Prostaglandin production is affected by many factors, including natural body processes, diet, and drugs. The body produces prostaglandins in response to tissue or blood vessel injury. The ingestion of various types of dietary fats stimulates the body to produce prostaglandins, some beneficial and some potentially harmful. Finally, the production of prostaglandin can be controlled through non-steroidal anti-inflammatory drugs (NSAIDs) like aspirin.
The body’s production of the fatty-acid derivative prostaglandin has effects on nearly every organ of the body. Some prostaglandins cause inflammation, fever, and pain in response to illness or injury, while other types inhibit the inflammatory response. Prostaglandins also cause uterine contractions during pregnancy. They act in a way that is similar to hormones in that they cause changes in body processes, but they are produced in body cells in the area where their action is required.
Aspirin and other NSAIDs act to reduce prostaglandin production and reduce pain and inflammation, but they also inhibit the production of beneficial prostaglandins. Another class of drugs called selective COX-2 inhibitors act to reduce only pro-inflammatory prostaglandin production while leaving beneficial prostaglandins alone.
The production of prostaglandin has an important role in causing the uterine contractions that lead to childbirth. To induce labor, prostaglandins can be applied to the cervix or taken orally. Interestingly, seminal fluid also contains prostaglandins, leading to the scientifically disproven theory that having sexual intercourse will stimulate labor.
As prostaglandins are derived and synthesized from fatty acids, the diet can be used to either suppress antagonistic prostaglandins that cause pain and inflammation or to stimulate beneficial prostaglandin production to decrease inflammation. Foods that are high in saturated animal fat, like red meat and dairy, contain arachidonic acid (AA). This fatty acid is a precursor of antagonistic prostaglandin production that produces inflammation in the body, including the type of prostaglandin that increases uterine contractions.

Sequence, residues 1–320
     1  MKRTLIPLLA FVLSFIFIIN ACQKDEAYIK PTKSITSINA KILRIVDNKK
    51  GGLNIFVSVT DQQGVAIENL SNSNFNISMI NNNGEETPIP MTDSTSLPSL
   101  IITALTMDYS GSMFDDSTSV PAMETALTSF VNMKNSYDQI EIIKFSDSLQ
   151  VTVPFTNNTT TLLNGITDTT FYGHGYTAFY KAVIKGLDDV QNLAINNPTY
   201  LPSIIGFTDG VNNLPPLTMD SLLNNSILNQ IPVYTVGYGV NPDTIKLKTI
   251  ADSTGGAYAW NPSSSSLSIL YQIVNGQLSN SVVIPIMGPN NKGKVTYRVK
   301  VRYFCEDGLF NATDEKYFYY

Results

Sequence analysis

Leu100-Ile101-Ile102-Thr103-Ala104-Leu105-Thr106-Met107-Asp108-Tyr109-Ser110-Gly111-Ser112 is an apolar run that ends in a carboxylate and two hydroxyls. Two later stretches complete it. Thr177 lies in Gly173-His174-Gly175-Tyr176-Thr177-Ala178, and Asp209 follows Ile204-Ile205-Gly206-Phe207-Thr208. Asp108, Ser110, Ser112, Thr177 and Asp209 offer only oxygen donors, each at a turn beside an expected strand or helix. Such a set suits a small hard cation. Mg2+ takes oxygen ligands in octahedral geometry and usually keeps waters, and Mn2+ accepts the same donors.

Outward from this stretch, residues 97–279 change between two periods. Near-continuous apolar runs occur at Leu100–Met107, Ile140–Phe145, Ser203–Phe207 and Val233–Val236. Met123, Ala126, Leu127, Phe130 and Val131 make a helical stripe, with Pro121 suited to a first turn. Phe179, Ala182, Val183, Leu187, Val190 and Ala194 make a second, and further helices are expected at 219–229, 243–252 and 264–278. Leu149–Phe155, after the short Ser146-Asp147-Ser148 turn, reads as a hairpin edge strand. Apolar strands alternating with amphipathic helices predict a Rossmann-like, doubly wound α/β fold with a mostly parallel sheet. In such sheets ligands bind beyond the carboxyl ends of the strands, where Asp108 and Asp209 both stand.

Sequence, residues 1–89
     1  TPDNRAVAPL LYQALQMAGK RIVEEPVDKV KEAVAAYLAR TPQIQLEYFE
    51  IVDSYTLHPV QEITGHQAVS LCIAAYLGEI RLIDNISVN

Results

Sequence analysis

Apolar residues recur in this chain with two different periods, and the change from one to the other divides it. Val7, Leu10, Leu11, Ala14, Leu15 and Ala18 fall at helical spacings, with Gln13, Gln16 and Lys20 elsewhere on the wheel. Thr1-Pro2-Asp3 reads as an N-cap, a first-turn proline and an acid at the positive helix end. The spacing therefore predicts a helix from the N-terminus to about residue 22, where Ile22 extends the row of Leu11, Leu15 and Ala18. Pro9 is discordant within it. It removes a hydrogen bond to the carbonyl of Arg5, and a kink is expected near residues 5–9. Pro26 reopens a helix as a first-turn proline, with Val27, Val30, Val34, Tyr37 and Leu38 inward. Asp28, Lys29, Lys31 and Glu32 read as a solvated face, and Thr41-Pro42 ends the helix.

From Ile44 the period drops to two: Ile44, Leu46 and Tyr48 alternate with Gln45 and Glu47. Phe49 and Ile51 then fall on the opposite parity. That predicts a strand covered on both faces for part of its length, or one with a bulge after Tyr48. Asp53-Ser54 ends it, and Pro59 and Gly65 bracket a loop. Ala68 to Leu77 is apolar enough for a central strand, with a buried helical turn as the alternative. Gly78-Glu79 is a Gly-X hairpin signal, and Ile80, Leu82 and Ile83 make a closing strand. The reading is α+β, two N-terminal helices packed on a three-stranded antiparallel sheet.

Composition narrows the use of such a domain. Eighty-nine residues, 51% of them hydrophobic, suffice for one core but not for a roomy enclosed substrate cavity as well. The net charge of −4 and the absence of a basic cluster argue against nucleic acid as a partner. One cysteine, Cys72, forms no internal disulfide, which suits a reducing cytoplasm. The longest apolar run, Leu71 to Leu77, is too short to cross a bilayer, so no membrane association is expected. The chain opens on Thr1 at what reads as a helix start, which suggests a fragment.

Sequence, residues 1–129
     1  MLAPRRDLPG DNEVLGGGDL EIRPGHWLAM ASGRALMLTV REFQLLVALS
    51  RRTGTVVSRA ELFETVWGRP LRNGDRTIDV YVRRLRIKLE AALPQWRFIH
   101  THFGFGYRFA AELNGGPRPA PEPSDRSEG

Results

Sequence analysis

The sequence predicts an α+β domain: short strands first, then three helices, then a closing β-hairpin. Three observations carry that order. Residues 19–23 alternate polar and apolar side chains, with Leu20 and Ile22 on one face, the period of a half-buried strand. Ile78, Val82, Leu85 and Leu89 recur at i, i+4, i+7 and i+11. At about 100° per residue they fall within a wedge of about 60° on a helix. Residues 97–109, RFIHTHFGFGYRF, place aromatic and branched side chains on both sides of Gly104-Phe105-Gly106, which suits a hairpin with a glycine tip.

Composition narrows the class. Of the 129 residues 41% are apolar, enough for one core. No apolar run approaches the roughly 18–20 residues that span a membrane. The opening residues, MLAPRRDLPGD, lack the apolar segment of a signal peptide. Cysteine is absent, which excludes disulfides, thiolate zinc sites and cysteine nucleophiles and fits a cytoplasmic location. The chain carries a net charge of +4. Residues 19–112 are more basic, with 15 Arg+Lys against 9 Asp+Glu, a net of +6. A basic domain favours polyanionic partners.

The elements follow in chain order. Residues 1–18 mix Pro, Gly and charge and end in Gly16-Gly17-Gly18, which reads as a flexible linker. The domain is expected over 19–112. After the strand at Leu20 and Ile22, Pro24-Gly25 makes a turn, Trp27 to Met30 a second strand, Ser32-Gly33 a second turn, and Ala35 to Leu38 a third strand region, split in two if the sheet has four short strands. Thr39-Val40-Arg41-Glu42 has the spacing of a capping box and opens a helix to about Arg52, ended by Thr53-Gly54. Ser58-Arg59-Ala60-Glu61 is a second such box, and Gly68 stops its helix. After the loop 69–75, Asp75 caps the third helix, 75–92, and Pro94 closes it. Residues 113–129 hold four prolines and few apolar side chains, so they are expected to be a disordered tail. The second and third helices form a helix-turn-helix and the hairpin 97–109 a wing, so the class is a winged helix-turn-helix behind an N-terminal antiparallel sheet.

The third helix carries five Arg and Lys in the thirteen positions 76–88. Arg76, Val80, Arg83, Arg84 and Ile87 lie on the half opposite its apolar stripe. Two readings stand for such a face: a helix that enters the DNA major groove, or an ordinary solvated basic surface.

Foods containing plant oils and B vitamins, like nuts and seeds, contain linoleic acid (LA), which is converted to gamma-linoleic acid (GLA) in the body. LA and GLA stimulate anti-inflammatory prostaglandin production. Fish oils containing eicosapentaenoic acid (EPA), evening primrose oil, and borage oil supplements also contain high amounts of GLA.
Other substances may increase beneficial production of prostaglandin while suppressing inflammatory prostaglandins. Bromelain is an enzymatic substance derived from pineapples that has been used historically to treat inflammatory conditions. Although results have been mixed, some studies show that it suppresses inflammatory prostaglandins produced as the result of osteoarthritis, digestive disorders, and sinusitis. Turmeric, mangosteen, and pomegranate have also shown prostaglandin-suppressing qualities and should be studied further for their effects on prostaglandin production.